What to know about Juneteenth and why people are talking about it now
Harmeet Kaur, CNN
(CNN) — Juneteenth could not be coming at a more fitting time.
The June 19 holiday commemorates the end of slavery in the United States. But 155 years after the news of their emancipation finally reached slaves in Galveston, Texas, the nation is still struggling with the issues of systemic racism and injustice.
That struggle surfaced once again in the national debate and massive Black Lives Matter protests that were sparked by the killing of George Floyd at the hands of Minneapolis police officers on May 25.
Forty-seven states and the District of Columbia mark June 19 as a state holiday or observance. Communities across the country celebrate it with food and festivities. But — despite a push by activists over the years — Juneteenth still isn’t a federal holiday. And, throughout its history, it has often been overlooked by non-black Americans.
Here’s what to know about Juneteenth.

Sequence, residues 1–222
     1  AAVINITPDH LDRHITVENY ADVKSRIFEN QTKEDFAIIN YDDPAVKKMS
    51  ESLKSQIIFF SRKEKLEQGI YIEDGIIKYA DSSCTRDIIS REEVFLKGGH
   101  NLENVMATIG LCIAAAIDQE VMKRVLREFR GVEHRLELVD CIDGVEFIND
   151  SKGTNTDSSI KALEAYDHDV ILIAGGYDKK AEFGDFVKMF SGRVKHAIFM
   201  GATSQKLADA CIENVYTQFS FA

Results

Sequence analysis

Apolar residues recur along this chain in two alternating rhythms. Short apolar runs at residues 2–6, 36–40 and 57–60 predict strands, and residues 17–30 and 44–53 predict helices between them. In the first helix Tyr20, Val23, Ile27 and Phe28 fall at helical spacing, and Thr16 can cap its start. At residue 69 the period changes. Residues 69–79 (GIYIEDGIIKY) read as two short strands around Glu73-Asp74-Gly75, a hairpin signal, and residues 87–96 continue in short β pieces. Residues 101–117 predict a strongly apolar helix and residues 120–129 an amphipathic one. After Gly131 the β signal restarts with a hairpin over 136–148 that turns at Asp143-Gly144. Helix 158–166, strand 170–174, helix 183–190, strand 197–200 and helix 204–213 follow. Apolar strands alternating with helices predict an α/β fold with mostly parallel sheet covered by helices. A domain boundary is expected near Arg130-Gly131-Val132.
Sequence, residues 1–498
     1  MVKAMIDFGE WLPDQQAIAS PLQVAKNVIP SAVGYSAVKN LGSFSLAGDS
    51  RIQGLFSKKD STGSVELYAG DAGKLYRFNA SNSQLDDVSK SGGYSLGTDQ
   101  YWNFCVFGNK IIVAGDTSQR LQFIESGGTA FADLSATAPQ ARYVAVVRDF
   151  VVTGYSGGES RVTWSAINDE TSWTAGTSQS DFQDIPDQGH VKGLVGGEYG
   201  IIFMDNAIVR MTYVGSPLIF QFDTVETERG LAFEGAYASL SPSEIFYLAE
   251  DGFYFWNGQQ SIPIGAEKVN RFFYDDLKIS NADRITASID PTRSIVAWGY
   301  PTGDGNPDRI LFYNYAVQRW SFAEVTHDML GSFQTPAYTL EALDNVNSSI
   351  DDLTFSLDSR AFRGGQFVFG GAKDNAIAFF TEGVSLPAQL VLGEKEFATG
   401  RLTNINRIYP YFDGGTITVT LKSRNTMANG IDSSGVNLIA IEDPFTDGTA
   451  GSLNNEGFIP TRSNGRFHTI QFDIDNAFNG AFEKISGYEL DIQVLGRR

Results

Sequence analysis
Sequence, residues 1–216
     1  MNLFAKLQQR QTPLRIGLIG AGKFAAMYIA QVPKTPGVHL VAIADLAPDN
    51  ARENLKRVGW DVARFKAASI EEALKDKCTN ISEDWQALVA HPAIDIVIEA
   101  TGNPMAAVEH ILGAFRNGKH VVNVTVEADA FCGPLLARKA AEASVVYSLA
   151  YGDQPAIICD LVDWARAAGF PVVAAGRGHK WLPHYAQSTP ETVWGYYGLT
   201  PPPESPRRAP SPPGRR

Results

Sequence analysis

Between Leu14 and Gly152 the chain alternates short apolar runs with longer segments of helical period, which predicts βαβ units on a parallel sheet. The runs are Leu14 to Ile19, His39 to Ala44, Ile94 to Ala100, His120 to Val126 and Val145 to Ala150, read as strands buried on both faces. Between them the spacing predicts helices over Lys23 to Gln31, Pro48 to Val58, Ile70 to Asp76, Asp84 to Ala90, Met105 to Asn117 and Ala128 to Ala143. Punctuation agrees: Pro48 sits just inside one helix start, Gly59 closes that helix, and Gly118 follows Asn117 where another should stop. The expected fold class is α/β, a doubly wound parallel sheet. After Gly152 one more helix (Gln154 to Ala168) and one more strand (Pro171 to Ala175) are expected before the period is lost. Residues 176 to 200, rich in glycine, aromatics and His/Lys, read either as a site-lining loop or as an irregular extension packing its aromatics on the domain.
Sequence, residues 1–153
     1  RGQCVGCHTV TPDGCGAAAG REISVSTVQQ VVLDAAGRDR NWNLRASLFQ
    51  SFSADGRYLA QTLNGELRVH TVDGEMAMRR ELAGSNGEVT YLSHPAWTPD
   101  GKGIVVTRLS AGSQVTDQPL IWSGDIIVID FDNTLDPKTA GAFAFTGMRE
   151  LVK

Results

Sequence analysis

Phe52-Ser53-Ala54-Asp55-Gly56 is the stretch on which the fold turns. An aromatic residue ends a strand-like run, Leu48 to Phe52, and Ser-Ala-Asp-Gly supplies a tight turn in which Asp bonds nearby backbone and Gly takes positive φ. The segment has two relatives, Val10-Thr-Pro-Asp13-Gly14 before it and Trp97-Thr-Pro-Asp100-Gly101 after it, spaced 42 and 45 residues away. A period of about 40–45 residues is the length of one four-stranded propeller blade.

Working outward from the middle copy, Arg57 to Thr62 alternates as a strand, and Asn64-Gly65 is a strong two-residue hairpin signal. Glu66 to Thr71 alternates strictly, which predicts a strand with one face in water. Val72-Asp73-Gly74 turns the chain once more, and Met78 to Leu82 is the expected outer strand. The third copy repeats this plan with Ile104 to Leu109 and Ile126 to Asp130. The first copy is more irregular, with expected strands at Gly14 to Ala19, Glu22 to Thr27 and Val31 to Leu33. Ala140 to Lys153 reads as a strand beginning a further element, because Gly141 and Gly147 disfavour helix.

What Juneteenth is
Juneteenth — a blending of the words June and nineteenth — is the oldest regular US celebration of the end of slavery.
It commemorates June 19, 1865: the day that Union Army Maj. Gen. Gordon Granger rode into Galveston, Texas, and told slaves of their emancipation.
“In accordance with a proclamation from the Executive of the United States, all slaves are free,” Granger read to a crowd.
That day came more than two years after President Abraham Lincoln issued the Emancipation Proclamation on January 1, 1863. Even after Lincoln declared all enslaved people free on paper, that hadn’t necessarily been the case in practice.
African Americans and others mark Juneteenth — also called Emancipation Day — much like the Fourth of July, with parties, picnics and gatherings with family and friends.
Juneteenth has been celebrated informally since 1865, but Texas became the first state to make it a state holiday in 1980.